Milena Berry has the type of lifestyle many harried working moms would kill for. She’s a CEO who works from home most days and adjusts her working hours to ensure plenty of quality time with her family. She also builds room into her schedule for herself, enjoying yoga, cycling, and other exercise.
But Berry, 37, doesn’t want to be one of just a few women to achieve that coveted goal of work/life balance. She wants to be one of many — and it’s her job to make that happen.
Berry and Katharine Zaleski are the co-founders of PowerToFly, a new company that matches women with technical and editorial skills to remote work opportunities that allow them to control their schedules. The company includes recruits from around the globe, with women based everywhere from Brazil to India.
“The whole idea here is to change the nature of work across the board for women,” Zaleski, 33, PowerToFly’s president and also a mom, told me. There are “women who are very experienced who have obviously other obligations … why should they have to spend 10 hours a day in an office and two hours on either side commuting when they can be just as efficient or more efficient working from home?”
Berry and Zaleski bring major chops to their new venture. Zaleski was one of the first employees of The Huffington Post back when it was just an unknown start-up and later worked as executive producer and head of news products at The Washington Post. Berry was the chief technology officer of the global civic group Avaaz.org, where she managed a remote team working across the globe — an experience that proved to her that employees don’t have to be in the office to be effective.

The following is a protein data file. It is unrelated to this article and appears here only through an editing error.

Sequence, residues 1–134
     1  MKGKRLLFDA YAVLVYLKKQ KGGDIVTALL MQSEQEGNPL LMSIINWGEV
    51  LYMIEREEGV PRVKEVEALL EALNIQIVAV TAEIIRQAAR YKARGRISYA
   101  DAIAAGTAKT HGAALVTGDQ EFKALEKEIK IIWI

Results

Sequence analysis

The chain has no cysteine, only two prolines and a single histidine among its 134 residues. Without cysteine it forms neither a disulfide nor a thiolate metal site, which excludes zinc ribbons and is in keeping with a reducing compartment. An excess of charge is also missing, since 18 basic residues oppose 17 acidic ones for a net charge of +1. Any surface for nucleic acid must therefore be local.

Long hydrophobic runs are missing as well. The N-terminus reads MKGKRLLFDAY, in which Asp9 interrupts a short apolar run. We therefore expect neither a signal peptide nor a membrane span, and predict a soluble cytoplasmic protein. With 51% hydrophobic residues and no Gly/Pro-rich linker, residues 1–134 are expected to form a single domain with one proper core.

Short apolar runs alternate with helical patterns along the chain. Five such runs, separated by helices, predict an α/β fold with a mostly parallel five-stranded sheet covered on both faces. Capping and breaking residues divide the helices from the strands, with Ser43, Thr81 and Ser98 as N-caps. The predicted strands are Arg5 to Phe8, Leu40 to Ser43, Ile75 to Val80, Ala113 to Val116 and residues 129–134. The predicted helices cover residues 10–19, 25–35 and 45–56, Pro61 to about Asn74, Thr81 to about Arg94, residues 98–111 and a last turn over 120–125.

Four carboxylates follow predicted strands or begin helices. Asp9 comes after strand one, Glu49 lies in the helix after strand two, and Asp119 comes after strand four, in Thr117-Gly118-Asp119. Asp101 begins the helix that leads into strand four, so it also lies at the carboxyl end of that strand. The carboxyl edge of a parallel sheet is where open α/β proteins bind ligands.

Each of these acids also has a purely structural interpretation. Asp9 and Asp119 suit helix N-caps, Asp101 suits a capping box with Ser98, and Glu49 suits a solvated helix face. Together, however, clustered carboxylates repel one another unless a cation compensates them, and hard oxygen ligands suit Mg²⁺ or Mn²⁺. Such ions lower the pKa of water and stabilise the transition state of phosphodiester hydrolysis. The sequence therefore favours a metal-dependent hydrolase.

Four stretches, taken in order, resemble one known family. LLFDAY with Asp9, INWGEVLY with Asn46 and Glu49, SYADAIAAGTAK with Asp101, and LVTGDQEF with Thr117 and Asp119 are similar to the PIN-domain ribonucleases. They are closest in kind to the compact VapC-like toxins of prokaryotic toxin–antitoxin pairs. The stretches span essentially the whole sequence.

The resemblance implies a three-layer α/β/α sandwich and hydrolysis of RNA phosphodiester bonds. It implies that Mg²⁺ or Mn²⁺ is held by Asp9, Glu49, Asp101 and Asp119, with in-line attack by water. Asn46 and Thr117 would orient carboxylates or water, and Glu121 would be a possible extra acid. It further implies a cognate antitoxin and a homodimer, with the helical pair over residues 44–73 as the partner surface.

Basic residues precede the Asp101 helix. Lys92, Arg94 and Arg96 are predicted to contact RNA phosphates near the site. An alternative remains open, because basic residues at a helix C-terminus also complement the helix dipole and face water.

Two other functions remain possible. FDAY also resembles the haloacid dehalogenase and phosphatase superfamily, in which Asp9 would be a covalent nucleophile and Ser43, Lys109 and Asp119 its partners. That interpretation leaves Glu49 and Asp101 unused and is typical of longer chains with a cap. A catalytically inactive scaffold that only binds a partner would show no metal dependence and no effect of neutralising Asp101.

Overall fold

Given its founders’ tech and news backgrounds, PowerToFly has concentrated on recruiting techies — developers, web designers, etc. — and is now expanding into editorial-related jobs for writers, community managers, and more. Job candidates must fill out applications and, if their qualifications are up to snuff, are interviewed by PowerToFly staffers before being recommended for job openings. Major brands like Buzzfeed, Hearst, and Zaleski’s old employer, The Washington Post, have hired PowerToFly candidates and there are more companies on deck.
Allowing women to “work on their own terms” helps companies attract more female candidates, Berry said. And getting more women on staff is just good business, Zaleski added.
“Women are the biggest household spenders by far across the world,” she said. “Why would you have a bunch of guys making products that women are going to buy? It doesn’t make any sense.”
Moms aren’t the only ones applying to PowerToFly. The company, which features a social media-like website for applicants, has garnered interest from educated women in the Middle East who’ve had trouble finding work closer-to-home at male-dominated companies where women are banned, Zaleski said. There are also women who, for one reason or another, live in areas where jobs in their fields are hard to find, so remote work is their best bet for pursuing fulfilling careers.
More than 350 women have signed up with PowerToFly, which has been in business for a few months but had its official launch on Aug. 18, and some 10 percent have been hired.
But if Berry and Zaleski have their way, those numbers will skyrocket and will someday include women working in a variety of fields.
“We hope to make a difference,” Berry said, “for millions of talented women around the world.”
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